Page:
A summer day of fun in the sun can quickly lead to disaster if your pet overheats and becomes a victim of heat stress or—worse— heatstroke, which can have serious and life-threatening consequences. Pets cannot sweat as effectively as humans and must rely on less efficient means, such as panting, to regulate their body temperature and cool themselves, which makes them more susceptible to heat-related illnesses. While people can take precautions to protect themselves from overheating, pets rely on their owners to ensure they stay cool and safe.
Our Madison Street Animal Hospital offers safety do’s and don’ts to help your pet beat the heat.
DO learn about your pet’s heatstroke risk
All pets can overheat, but some are more at risk. Pets with a higher heatstroke risk include those who are:
- Flat-faced (i.e., brachycephalic breeds)
- Young or old
- Overweight or obese
- Thick- or long-coated
- Have cardiac or respiratory conditions
DON’T leave your pet in a parked car
The interior of a car can reach 110 degrees in 20 minutes on an 80-degree day. Parking in the shade or leaving your windows slightly open will not keep the temperature safe for your pet. The American Veterinary Medical Association provides more information with their chart regarding pets in vehicles, and how your car’s interior temperature rises. If you will need to leave your pet in your car while you run errands, even “for a few minutes,” you should leave them in your air-conditioned home.
DO modify your pet’s exercise routine
Pets have a harder time cooling themselves when temperatures and humidity levels are high—and the more humid, the lower the temperature that can negatively affect your pet. Reduce your pet’s heatstroke risk by making the following changes to their exercise routine on hot, humid days:
- Exercise early or late— Exercise your pet in the cool of the early morning or early evening, rather than mid-afternoon, which is usually the hottest time of day.
- Reduce activity — Pets love to play and be active, and often do not know when to stop to cool down. Take frequent breaks in the shade when outside with your pet, shorten the exercise sessions, and avoid strenuous activities when the heat and humidity are extreme.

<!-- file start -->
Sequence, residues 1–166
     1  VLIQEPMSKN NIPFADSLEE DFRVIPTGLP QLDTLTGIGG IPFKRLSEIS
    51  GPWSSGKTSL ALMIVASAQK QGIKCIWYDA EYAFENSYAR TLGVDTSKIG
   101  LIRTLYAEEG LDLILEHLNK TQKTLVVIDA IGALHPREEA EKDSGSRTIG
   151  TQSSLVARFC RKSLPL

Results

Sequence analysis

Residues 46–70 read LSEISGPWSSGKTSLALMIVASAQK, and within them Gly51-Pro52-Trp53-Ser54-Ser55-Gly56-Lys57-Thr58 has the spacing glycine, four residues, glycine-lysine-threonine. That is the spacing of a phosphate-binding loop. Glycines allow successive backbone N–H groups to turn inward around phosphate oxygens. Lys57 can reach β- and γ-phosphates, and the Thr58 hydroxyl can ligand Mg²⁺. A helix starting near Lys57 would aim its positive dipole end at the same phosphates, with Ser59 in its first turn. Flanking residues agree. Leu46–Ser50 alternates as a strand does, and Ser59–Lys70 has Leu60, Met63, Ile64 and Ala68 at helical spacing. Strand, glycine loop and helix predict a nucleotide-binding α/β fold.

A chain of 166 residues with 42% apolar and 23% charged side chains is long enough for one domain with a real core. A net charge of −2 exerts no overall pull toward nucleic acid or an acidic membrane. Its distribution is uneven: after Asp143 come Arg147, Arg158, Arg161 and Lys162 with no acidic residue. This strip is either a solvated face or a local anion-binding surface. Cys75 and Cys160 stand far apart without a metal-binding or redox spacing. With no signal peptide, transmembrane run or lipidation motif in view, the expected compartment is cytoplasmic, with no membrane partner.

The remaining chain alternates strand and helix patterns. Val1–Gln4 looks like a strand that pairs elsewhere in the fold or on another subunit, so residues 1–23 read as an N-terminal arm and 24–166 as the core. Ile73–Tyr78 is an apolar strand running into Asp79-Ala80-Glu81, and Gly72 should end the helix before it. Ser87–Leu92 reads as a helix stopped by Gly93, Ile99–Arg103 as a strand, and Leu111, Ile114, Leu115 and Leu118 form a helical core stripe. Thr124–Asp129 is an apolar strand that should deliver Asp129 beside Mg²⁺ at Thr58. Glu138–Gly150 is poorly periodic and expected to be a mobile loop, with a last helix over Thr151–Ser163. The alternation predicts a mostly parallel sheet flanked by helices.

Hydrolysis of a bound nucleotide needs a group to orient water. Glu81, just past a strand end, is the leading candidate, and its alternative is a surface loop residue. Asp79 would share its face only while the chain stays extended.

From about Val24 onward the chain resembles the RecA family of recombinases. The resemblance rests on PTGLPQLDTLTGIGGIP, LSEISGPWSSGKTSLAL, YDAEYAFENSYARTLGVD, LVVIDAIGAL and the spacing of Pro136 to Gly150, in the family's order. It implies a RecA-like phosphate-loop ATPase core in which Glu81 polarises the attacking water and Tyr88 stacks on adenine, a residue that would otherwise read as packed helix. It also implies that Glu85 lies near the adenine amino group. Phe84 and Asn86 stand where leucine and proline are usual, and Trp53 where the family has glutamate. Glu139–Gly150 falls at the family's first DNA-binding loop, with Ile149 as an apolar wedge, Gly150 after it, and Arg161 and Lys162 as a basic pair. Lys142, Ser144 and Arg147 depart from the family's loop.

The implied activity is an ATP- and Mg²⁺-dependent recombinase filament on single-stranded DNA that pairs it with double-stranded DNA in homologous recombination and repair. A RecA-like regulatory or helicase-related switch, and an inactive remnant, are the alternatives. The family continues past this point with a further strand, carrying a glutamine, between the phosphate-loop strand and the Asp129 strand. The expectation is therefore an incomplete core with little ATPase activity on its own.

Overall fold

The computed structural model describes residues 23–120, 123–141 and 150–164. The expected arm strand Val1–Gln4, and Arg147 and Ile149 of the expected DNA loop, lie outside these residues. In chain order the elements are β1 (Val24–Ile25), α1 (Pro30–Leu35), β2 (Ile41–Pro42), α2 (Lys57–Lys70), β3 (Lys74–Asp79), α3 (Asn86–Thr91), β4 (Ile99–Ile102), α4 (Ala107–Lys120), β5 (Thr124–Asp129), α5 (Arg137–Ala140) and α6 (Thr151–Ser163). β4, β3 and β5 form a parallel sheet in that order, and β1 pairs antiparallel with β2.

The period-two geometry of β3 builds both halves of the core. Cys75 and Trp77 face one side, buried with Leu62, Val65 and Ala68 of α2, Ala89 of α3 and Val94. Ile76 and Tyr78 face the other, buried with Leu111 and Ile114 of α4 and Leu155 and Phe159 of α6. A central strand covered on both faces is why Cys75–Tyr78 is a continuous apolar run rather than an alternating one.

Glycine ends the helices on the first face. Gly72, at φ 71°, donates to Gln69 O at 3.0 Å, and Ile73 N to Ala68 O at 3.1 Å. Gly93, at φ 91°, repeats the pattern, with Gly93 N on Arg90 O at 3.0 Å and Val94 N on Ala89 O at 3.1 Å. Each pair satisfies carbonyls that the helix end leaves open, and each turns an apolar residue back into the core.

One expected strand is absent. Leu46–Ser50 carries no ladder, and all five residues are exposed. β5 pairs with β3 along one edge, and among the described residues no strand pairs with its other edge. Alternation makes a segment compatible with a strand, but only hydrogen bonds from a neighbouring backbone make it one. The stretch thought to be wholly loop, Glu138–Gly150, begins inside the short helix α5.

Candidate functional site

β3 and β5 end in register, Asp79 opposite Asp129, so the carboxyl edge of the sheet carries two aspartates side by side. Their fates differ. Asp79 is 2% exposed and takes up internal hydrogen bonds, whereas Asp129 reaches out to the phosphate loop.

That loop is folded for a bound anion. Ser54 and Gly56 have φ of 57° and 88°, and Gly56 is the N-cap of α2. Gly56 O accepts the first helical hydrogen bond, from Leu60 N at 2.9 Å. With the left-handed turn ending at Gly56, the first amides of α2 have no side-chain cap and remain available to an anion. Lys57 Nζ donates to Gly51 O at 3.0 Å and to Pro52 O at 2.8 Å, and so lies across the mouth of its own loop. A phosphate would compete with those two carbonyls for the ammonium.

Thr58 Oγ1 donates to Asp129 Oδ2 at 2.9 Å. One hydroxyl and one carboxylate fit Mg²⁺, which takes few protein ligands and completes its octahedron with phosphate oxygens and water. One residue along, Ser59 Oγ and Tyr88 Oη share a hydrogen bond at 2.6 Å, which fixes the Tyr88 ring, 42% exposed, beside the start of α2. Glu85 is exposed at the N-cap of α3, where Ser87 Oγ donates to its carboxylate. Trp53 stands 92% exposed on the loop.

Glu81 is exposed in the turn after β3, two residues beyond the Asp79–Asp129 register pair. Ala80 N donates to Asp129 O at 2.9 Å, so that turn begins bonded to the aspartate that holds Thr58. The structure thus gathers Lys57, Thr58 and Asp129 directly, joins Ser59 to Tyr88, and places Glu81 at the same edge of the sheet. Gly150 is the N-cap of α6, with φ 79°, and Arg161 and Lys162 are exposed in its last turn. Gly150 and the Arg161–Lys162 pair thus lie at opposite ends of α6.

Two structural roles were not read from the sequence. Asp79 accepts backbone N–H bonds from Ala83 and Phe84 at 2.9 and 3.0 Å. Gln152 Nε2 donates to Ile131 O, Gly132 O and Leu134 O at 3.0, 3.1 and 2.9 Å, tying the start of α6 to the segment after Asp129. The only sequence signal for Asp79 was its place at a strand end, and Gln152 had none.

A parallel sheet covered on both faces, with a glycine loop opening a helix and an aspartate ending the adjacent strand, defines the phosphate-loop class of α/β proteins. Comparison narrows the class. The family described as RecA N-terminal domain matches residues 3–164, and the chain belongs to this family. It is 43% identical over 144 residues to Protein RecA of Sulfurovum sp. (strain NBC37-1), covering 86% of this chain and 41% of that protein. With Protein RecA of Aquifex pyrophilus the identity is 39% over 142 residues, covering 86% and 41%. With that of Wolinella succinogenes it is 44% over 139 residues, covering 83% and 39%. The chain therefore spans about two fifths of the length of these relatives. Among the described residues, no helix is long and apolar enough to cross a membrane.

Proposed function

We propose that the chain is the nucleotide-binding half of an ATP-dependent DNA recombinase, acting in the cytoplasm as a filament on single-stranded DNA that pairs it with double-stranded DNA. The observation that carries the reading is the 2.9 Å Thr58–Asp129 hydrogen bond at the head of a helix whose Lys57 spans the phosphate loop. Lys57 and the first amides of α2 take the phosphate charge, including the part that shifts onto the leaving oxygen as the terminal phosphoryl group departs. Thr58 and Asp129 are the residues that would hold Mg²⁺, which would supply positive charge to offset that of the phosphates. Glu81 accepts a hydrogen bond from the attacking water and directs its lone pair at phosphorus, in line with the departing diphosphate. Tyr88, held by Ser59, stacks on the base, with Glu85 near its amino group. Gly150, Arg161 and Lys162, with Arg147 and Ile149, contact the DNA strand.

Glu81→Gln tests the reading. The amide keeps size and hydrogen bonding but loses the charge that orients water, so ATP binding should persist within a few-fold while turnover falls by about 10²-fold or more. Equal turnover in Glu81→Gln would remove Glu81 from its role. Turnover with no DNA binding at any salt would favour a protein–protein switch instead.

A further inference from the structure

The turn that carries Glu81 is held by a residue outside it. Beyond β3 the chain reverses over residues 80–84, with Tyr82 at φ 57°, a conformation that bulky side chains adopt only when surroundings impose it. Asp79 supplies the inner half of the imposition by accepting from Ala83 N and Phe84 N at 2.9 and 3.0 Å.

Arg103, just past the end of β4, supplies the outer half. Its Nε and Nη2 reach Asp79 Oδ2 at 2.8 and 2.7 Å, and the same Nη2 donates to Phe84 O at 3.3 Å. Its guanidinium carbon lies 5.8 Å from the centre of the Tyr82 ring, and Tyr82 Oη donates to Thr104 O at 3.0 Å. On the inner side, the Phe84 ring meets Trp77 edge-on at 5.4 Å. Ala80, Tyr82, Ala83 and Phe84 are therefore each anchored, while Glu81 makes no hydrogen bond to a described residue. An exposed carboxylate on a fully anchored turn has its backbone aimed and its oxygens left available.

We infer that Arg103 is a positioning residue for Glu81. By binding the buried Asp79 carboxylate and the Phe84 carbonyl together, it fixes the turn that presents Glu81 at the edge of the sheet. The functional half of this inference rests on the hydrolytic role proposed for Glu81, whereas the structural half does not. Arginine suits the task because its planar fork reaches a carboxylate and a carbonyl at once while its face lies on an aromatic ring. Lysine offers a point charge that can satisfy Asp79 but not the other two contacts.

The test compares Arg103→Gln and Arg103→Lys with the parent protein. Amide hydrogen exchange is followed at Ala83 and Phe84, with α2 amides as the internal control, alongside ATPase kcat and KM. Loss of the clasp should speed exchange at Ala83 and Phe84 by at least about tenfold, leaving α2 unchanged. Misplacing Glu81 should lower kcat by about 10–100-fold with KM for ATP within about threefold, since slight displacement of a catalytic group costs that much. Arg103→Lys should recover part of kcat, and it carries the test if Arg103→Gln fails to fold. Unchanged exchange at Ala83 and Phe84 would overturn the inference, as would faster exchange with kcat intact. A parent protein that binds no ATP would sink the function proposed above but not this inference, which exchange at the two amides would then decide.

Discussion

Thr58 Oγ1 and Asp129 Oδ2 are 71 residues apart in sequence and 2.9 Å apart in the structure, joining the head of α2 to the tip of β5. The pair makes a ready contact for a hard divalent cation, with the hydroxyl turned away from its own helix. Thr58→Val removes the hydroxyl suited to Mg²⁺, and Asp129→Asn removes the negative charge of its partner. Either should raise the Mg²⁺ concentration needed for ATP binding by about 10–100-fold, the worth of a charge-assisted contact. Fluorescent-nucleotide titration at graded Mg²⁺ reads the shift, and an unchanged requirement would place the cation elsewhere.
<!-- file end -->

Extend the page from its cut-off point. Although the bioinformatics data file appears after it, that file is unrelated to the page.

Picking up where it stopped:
- Bring water — Bring fresh, cool water and a portable bowl for your pet anytime you head outside.
DON’T walk your pet on hot surfaces
Metal, cement, asphalt, or artificial grass surfaces can become incredibly hot and can burn your pet’s paw pads. Test a surface temperature with the back of your hand—if you cannot keep your hand down comfortably for 10 seconds, the surface is too hot for your pet to walk on, and will likely burn and blister their pads.
DO keep your pet hydrated
Pets lose moisture much faster than humans, and they must be kept hydrated, especially in the heat, so ensure they have access to cool, fresh water throughout the day. You can also keep them hydrated by:
- Mixing water and kibble — Add a small amount of water, wet food, or broth to your pet’s food—they will love the flavor.
- Adding ice cubes — Ice cubes can keep your pet’s water cool and entice your pet to drink more.
- Making hydrating treats — Frozen treats are a delicious way to cool your pet down and keep them hydrated. Freeze pet-friendly fruits and vegetables or make no-sodium broth “pup-sicles” as special warm-weather treats.
DON’T miss heatstroke signs in your pet
If your pet’s internal body temperature rises high above normal (i.e., between 101 and 102.5 degrees for dogs), they may suffer heatstroke, which can lead to organ damage and death. Recognizing overheating signs can save your pet’s life. Heatstroke signs include:
- Excessive panting
- Bright red gums
- Convulsion or collapse
DO act quickly if your pet overheats
If you notice any overheating signs in your pet, acting quickly to cool your pet and then seeking immediate veterinary care is vital. At any sign of overheating:
- Head indoors — Take your pet inside to an air-conditioned room, or put them in front of a fan.
- Fill up the bath — Place your pet in a cool bath. Never use ice or extremely cold water, as the sudden change in body temperature can be dangerous for your pet.
- Offer water — Offer your pet cool water, but never force them to drink.
- Monitor your pet’s temperature —As soon as your pet’s temperature drops to 103 degrees, take them to the nearest emergency veterinary hospital immediately. They may appear to have recovered, but they still need a veterinary check for organ damage.
We hope you now know how to avoid a heat-related emergency during the still-warm weather. However, if you are ever concerned about your pet and a heat-related illness, immediately contact our Madison Street Animal Hospital team for guidance.
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